Compassion for a Stranger

My heart is breaking today for a woman named Zoë, one whom I’ve never met.

I found her music the day after my mother died from cancer in June of 2012.

When I couldn’t speak from the pain, when I wasn’t yet ready to remember the good times, I could listen to beautiful cello music, feel soothed, and gain perspective on the feelings which threatened to bury me.

There was something about this music–its dark qualities and deep heart–that struck a spark of recovery by what it evoked, extruded, and surrendered. It was music unlike anything I’d ever heard. It allowed me the loss and the full sweep of grief about my mom’s departure as it drew me back to reconnection with life and family.

A text I received today announced her husband has died.

Part of me wants to rail at the gods before I cynically confirm that there are no gods and never were.

I’m angry. Why her? Why him?

Why is a bad question to ask on the road to compassion. Why is a quagmire of non-acceptance. Why trumpets resistance and invokes bargaining.

A better question is how?

How can I, a distant stranger, do anything to ease Zoë Keating’s sorrow at the loss of her husband?

I don’t know that I can. But if you read this, and have room for one small act of compassion, please think of her and wish her comfort. Pray for her if that’s your style. Her loss is heavy. I wish it were different.

I teeter on the balance between anger and compassion, powerlessness to bring solace, yet wishing it fervently all the same.




To Sweet Language, Oh Muses Come

It’s an early Saturday morning and the dew is still moist upon the grass. The pond chorus of tree frogs sings in adulation to a watery sun, and I peruse Facebook writing groups and observe it; there among the memes, the shoutouts, and the sweet words, are comments sour, the signs of “muse abuse.”

My heart is shocked when I see it. It is no different to me then when I hear someone say something deprecating to a child.

My muse and I have a deep love and appreciation, much like a mother shares with her own baby as she pushes him about in the stroller, savoring alongside of him the every wonder of his first encounters with our beautiful, raucous, complex, glorious, hideous, estranging and elevating world. As mother, I am guide, interpreter and provocateur, but like good mothers everywhere, don’t mistake my cultivated calm and deliberately positive bent for something it is not. I know all about bad realities, and as mother, I can protect in an instant.

My baby hanging tough

My muse is like my beautiful son was as a baby. We lived, he and I, in a cocoon of affection so impregnable that no one could touch my opinion of how wonderful a child he was. He was sweet, original, intelligent, adorable and funny. He would place his little dimpled hands alongside of my face and look deep into my eyes through eyes devoid of any negative judgment. The love I felt for him opened wide all my capacity to love, taking it far beyond the limitations of romantic love and into that other territory of profound duty, nurturance, curiosity and respect. This is why I don’t consider my muse in the traditional, classical sense as one bestowing gifts or as some sort of pseudo lover. My muse is one enduring and dutiful, not one transient, fickle, or randomly assigned to me by whim. We are of each other.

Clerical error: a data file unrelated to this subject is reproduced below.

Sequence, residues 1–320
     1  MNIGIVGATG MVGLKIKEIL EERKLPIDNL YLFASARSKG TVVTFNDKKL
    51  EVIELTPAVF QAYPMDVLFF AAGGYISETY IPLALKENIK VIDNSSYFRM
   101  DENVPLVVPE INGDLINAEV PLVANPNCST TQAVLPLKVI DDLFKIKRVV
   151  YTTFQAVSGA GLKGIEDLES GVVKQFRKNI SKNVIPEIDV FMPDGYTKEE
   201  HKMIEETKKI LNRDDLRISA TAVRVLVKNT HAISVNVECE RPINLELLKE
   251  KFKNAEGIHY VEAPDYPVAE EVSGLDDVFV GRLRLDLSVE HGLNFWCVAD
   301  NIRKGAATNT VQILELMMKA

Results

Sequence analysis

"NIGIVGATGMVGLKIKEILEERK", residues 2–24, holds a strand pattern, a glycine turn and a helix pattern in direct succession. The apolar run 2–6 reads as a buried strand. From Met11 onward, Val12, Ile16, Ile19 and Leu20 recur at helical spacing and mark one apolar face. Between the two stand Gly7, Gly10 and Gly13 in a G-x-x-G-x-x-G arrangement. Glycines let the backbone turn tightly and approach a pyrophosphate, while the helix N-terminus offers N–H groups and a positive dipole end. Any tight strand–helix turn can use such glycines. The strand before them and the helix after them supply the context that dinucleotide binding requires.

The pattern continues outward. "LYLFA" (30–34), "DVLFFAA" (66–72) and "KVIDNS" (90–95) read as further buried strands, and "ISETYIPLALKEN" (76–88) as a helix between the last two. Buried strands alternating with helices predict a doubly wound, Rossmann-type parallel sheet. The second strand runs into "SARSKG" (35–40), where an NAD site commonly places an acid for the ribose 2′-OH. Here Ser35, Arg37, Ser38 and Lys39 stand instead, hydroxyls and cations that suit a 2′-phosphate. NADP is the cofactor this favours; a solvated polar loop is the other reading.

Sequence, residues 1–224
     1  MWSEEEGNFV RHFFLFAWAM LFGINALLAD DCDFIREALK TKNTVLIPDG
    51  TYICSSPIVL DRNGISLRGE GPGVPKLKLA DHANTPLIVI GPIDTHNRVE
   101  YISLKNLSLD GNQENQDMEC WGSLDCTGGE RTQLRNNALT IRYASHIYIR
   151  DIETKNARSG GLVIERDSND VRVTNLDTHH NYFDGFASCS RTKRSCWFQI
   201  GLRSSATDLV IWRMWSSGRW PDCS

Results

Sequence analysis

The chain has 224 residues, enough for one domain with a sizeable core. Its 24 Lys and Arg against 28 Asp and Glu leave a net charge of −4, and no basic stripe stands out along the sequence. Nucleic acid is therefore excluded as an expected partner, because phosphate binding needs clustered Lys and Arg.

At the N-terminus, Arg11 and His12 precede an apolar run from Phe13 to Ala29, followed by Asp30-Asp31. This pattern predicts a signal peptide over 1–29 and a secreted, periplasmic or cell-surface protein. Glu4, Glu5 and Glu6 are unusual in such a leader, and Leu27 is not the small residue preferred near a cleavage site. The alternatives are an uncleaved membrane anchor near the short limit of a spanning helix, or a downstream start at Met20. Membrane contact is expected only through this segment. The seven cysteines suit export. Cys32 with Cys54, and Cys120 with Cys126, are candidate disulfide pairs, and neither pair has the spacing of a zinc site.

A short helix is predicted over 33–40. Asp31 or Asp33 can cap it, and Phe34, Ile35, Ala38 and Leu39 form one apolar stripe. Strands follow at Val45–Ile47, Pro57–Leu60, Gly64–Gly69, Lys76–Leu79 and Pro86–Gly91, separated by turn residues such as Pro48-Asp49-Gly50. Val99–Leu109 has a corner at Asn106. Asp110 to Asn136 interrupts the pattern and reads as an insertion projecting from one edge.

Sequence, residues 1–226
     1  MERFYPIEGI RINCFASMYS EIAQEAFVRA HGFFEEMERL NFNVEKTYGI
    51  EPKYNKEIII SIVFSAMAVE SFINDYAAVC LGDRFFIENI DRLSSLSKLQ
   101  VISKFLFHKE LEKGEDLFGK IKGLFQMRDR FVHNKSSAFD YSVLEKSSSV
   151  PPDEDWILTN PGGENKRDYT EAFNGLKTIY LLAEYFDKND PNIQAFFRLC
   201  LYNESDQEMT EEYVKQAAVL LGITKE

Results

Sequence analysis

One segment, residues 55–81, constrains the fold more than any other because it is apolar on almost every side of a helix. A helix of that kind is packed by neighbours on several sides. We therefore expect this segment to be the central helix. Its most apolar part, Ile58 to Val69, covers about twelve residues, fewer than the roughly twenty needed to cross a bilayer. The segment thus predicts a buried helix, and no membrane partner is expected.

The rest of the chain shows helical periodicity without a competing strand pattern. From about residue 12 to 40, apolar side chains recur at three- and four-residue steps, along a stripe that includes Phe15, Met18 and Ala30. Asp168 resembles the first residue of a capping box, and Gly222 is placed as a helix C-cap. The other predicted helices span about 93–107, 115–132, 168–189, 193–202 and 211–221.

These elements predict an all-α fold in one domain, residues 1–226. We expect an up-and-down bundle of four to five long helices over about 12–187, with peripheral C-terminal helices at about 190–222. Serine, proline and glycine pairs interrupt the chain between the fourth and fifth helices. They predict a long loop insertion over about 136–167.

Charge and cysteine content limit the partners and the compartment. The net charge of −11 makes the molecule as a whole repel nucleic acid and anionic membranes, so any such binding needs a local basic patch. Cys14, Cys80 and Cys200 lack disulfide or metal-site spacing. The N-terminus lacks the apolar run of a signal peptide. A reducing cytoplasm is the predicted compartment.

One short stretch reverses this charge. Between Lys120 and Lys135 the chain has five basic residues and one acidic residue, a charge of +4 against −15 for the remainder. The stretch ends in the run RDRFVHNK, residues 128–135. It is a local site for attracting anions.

When my son was young, I was extremely careful to balance both the teaching of skills with the reality of sharp observation and protection. It was my job to put him ahead of my own needs, in many cases, since he was young and vulnerable and could not do this himself. As he has grown in capacity, I have had to subside in the maternal loving and fretting department and let him be. I’ve had to assure him he is a decent and capable young man, one I love and admire for his many gifts, his wicked wits and his offbeat sense of humor.


Unexpectedly, in the pseudo empty nest of his–now vacated–stroller, a new occupant appeared: my muse. He has waited longer still for my love and care, my attention, and longed-for careful unwrapping from the thin tissue coverings that kept him safe until now. Yes, my muse is a him, for as I learned with my son, boys are, to me, the sublime combination of sweetness and truth, honor and ardor.

This muse that occupies the empty stroller is not here in my employ. He is a wanted thing, a waiting thing, who deserves time and attention, and I love and cherish him like my son. My muse is delightful but vulnerable. He is cute but can grow spoiled. He requires a strong hand to guide him best, but above all, just like my son, his efforts must never be criticized. Each blunt crayon scribbling is a wonder from the hands of a child or a muse. Each represents the slow acquisition of a skill. I must speak to my muse with love and reverence even when his efforts are neither lovely nor reverent. This is what it is to mother a muse; it is to hold in check the wells of unkindness deposited in each of us, to bring forth from the muse its singular half-breeds and original pairings, the fruits of its untrammeled and playful mind.


I’m asking you from the bottom of my heart–in case your muse should one day play with mine–that you consider your language. Does your language to your muse and about your creations invite the best behavior, motivation or product, or does it require some compassion and reconsideration? Will your muse be a positive influence or the type of playmate who is unfortunately not welcome for a second visit at my home?


I’ve found muses to be extremely loyal but highly skittish critters. As prey animals, they’ll run like mustangs at a hint of danger. My muse stays sweet by my side on a diet of love, respect, and curiosity and not on an empty rice straw fodder high in silica and hard on the teeth.